The City Council will consult with school heads over the coming weeks to review a housing loan scheme to help local teachers purchase homes in Oxford and continue working in the city.
The Council set up the Teachers Loan Scheme in partnership with Catalyst Housing in 2014 in response to the difficulties which primary schools in deprived areas of the city were experiencing in recruiting senior staff. The scheme offers low interest loans which bridge the gap between the price of a suitable property in Oxford and what an applicant can afford by way of a normal commercial mortgage.
In 2016 the Council broadened the eligibility criteria to include secondary schools and also allow younger teachers to apply. Since then, eight applications have been received, mostly from secondary school teachers. Two loans have subsequently advanced to purchase while other applicants are looking for properties to buy.
Properties can be new or second hand and must be the main residence and appropriate to the needs of the household. They also must be either freehold or have a lease of a minimum of 99 years, have a maximum value of £500,000, and be within reasonable travelling time of the eligible schools. The loan will be between 15% and 40% of the price of the property, and the maximum loan is £75,000.
In reviewing the scheme, the Council will repeat the exercise it carried out in the early stages of the scheme where head teachers and their senior management teams were interviewed on staffing issues and access to housing. The Council is open to considering ideas to vary the loan criteria and improve take-up.
Oxford is one of the most unaffordable cities to live in England and has just 48% of its population owning their own home compared to 63% in England. The city also has a high proportion of households living in private rented accommodation (28%) compared to that found in the South East and England (both of which are around 16%).
The Council is working to drive up standards in the private rented sector and ensure that tenants are protected from unfair practices by landlords, such as illegal eviction. Through its interventions to stop illegal evictions, the Council has prevented more than 110 households from becoming homeless since April 2017.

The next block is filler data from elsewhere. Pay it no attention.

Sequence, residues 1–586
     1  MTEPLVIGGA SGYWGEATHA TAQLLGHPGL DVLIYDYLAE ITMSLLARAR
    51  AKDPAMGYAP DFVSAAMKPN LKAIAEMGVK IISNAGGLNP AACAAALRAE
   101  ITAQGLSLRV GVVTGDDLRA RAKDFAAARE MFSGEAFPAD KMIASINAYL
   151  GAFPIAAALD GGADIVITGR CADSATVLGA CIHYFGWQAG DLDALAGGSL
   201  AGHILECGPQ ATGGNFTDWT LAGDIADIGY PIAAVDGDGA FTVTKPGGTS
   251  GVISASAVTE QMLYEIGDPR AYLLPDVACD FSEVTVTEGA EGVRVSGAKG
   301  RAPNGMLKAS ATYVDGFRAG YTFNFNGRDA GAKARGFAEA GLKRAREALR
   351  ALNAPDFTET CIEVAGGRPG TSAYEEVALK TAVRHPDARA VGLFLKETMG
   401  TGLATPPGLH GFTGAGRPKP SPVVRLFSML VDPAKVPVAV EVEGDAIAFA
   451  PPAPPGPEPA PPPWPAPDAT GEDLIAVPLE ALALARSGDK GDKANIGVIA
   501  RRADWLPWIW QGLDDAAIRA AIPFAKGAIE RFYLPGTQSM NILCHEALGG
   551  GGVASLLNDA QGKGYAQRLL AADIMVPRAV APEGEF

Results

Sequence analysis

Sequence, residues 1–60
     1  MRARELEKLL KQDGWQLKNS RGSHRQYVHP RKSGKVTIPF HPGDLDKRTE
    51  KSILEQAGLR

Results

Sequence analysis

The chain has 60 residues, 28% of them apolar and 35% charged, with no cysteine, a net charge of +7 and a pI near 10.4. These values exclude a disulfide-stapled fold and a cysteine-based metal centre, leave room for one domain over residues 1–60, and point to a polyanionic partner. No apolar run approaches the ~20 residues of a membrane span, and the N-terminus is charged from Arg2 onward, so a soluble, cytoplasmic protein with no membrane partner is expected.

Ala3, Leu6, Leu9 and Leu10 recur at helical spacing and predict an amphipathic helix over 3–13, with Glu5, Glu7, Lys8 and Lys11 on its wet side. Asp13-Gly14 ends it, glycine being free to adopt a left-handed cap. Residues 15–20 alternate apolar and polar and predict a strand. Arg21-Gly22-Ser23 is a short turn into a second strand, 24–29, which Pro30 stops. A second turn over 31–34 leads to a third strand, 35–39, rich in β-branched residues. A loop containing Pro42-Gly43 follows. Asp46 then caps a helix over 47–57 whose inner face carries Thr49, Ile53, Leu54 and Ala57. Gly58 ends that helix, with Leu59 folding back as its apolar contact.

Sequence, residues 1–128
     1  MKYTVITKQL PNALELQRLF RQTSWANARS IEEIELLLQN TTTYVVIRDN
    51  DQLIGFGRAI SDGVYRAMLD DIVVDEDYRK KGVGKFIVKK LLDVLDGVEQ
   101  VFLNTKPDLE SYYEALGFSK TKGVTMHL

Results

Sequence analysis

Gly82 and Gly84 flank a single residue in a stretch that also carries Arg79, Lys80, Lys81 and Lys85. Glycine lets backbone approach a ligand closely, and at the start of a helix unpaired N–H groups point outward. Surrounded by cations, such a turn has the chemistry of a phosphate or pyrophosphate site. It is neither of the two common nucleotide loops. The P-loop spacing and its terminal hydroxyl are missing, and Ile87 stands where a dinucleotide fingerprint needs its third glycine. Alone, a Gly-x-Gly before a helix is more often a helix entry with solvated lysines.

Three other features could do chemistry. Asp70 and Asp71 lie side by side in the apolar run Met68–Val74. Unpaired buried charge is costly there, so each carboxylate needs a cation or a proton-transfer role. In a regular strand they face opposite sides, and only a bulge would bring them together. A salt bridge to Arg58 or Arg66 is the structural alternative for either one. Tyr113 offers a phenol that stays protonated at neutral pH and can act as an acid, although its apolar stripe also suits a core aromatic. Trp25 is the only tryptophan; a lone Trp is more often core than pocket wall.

Cllr Marie Tidball, Board Member for Young People, Schools and Public Health, said: “The scheme came about as an innovation in response to the difficulties that local schools in the educational attainment programme were facing in recruiting and retaining key staff, and it was shaped by strong input from head teachers. In keeping with that original engagement with stakeholders, we are going back to talk to staff in schools to find ways to improve take-up through reviewing criteria. We’re looking at options to expand the scheme to include newly qualified teachers, and to encourage co-ownership with other teachers, for example.
“The reason why take-up has been slow is due to the twin tensions of reduced real term pay to teachers nationally and the national housing crisis. Pay fell for teachers with 15 years’ experience, for example, by 12% between 2005 and 2015! The government must act: this is shameful when other developed countries have seen teachers’ pay up an average of 6% for primary and 4% for secondary schools. The government needs to intervene to take serious measures to protect renters, for example, by making three year tenancies the norm and place an inflation cap on rent rises. This is what would really ease the situation for teachers wanting to stay in the rental market.”